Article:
High-Intensity Interval Training And Brain Health


A lot has been said about the effects of exercise on brain health. Just like diets, exercise patterns are highly susceptible to pop culture’s trends and fads. A huge trend from the last few years is High-Intensity Interval Training (HIIT). You can find these exercise protocols in most gyms and all over the internet. And there is a surprising amount of research on HIIT’s health effects, mostly on cardiovascular health.

What is high-intensity interval training?

HIIT, also called high-intensity intermittent exercise or sprint interval training, is a form of interval training. It’s an intermittent exercise protocol wherein periods of short but intense anaerobic exercise are alternated with less intense recovery periods.

This actually reminds me of intermittent energy restriction diets and, in fact, there is a common anthropologic argument favoring both: the survival of our species has relied greatly on the ability to acquire food; our hunter-gatherer ancestors will most likely have required a high level of physical performance mostly based on intermittent running while hunting for food. Therefore, our bodies may have adapted to such patterns of energetic challenges. Our current sedentary lifestyle has consequently rendered us susceptible to a great deal of diseases.

Physical inactivity is one of the top ten risk factors for poor health, being associated with an increased risk of premature cardiovascular and cerebrovascular diseases. Exercise, on the other hand, is known to benefit the brain by promoting angiogenesis (new blood vessel formation), neurogenesis, and synaptic plasticity, thereby improving cerebral blood flow and metabolism and counteracting age-associated cognitive decline and dementia.

From among the available studies on the health benefits of HIIT, one was particularly eye-catching: a review article on HIIT and cerebrovascular health published on the Journal of Cerebral Blood Flow and Metabolism.

HIIT and cerebrovascular health

As said above, different types of exercise may have a different impact on brain health; optimizing exercise in order to prevent stroke and associated neurovascular diseases would therefore be desirable in that context. This review thus focused on analyzing to what extent HIIT could impact cerebrovascular function.

When compared to moderate-intensity continuous exercise training, HIIT seems to confer similar or even higher metabolic, cardiac, and systemic vascular health benefits, both in healthy and in patients with cardiovascular diseases or hypertension.

In fact, one study has shown that HIIT had twice the effect of moderate-intensity continuous exercise in lowering blood pressure. Given that hypertension is a paramount risk factor for stroke, it seems likely that HIIT may also be beneficial in preventing stroke. However, research on the impact and potential benefits of HIIT on cerebral blood flow are rather scarce. It is unknown whether HIIT may have any detrimental effects on the brain. The potential dangers of HIIT to the brain include any consequences that a rapid increase in systemic blood pressure may have, which include the risk of hyperperfusion injury that could lead to stroke or blood–brain barrier breakthrough. But this is all speculative since there is no clinical research examining the effects of HIIT on the brain.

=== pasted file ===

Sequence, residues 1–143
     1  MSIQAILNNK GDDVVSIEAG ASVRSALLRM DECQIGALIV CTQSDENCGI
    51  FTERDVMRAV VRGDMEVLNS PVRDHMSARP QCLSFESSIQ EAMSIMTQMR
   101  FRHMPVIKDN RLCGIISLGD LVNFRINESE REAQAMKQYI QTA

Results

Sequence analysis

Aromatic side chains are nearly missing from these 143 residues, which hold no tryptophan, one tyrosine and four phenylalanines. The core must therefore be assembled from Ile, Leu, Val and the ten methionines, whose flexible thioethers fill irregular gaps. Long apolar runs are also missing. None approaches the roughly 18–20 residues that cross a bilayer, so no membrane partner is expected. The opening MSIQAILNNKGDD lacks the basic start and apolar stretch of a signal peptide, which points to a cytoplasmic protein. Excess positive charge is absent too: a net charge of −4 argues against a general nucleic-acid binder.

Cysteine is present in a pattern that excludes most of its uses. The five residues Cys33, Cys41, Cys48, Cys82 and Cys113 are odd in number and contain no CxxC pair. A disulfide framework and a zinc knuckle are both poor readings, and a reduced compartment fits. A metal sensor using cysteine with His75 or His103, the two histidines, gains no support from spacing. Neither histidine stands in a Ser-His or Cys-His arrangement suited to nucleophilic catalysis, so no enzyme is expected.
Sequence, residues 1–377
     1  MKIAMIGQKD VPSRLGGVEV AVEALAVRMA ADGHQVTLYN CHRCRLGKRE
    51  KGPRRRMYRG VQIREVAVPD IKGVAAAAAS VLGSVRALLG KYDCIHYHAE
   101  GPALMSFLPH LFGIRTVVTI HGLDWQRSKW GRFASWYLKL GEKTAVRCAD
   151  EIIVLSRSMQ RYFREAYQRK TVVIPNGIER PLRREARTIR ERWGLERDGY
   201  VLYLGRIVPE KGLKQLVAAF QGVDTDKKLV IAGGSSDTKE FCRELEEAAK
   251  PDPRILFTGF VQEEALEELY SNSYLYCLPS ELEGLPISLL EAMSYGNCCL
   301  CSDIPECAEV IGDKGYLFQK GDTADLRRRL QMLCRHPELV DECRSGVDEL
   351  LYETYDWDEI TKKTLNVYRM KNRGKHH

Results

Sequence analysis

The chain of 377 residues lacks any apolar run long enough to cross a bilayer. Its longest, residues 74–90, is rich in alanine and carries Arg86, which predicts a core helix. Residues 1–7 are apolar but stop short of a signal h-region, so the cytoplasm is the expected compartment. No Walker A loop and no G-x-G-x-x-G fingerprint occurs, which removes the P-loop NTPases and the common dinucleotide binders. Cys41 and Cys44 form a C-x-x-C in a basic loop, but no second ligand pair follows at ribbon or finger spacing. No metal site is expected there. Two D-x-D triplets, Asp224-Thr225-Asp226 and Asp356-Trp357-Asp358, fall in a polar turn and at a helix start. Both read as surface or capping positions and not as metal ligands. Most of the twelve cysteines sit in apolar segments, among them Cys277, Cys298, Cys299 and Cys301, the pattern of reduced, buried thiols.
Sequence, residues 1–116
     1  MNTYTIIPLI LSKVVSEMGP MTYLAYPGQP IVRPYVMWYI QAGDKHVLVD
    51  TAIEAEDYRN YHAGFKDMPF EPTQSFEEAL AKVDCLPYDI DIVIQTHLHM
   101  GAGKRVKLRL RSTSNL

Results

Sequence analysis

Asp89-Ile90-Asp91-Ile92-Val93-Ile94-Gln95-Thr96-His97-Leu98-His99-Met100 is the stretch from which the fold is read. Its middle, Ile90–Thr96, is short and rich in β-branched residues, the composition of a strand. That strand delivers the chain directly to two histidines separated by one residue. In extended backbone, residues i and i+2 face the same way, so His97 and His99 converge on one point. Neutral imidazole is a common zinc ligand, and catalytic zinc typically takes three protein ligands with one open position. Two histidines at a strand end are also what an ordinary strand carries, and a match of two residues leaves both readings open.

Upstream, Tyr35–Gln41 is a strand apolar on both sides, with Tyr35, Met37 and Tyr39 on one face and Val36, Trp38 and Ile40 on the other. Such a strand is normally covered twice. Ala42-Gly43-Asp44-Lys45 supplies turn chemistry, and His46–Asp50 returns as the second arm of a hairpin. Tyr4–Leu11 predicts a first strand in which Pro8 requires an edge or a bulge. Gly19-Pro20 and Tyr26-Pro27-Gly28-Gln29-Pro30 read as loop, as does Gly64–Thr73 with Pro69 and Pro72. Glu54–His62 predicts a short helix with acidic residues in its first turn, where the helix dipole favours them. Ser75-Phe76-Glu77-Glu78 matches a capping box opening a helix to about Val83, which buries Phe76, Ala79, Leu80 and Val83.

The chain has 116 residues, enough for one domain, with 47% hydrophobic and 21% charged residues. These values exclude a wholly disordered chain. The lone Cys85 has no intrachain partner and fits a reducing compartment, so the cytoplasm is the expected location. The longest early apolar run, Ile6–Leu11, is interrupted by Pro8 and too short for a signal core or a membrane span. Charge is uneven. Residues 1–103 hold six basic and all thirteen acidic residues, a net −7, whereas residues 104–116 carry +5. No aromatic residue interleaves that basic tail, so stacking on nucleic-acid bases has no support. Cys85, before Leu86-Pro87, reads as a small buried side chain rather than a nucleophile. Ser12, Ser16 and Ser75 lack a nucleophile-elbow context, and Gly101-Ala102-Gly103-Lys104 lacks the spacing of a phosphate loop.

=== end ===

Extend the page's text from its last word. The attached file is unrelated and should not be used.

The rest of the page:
Still, the study states that patients with neurological pathologies, such as Parkinson’s disease and stroke have already begun using HIIT-based protocols. So far, no adverse effects have been reported for stroke rehabilitation but there are still too few studies to make firm conclusions. Nevertheless, given the relationship between heart disease and stroke it seems likely that the beneficial cardiovascular effects of HIIT may indeed be a benefit for cerebrovascular function.

In the end, regardless of the exercise protocol, what really benefits the brain is to remain physically active.


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Lautenschlager NT, Cox K, & Cyarto EV (2012). The influence of exercise on brain aging and dementia. Biochimica et biophysica acta, 1822 (3), 474-81 PMID: 21810472

Lista I, & Sorrentino G (2010). Biological mechanisms of physical activity in preventing cognitive decline. Cellular and molecular neurobiology, 30 (4), 493-503 PMID: 20041290

Lucas SJ, Cotter JD, Brassard P, & Bailey DM (2015). High-intensity interval exercise and cerebrovascular health: curiosity, cause, and consequence. Journal of cerebral blood flow and metabolism : official journal of the International Society of Cerebral Blood Flow and Metabolism, 35 (6), 902-911 PMID: 25833341

Murray CJ, & Lopez AD (2013). Measuring the global burden of disease. The New England journal of medicine, 369 (5), 448-57 PMID: 23902484

Vaynman S, & Gomez-Pinilla F (2006). Revenge of the “sit”: how lifestyle impacts neuronal and cognitive health through molecular systems that interface energy metabolism with neuronal plasticity. Journal of neuroscience research, 84 (4), 699-715 PMID: 16862541

Image via EpicStockMedia / Shutterstock.

Sara Adaes, PhD

Sara Adaes, PhD, has been a researcher in neuroscience for over a decade. She studied biochemistry and did her first research studies in neuropharmacology. She has since been investigating the neurobiological mechanisms of pain at the Faculty of Medicine of the University of Porto, in Portugal. Follow her on Twitter @saradaes
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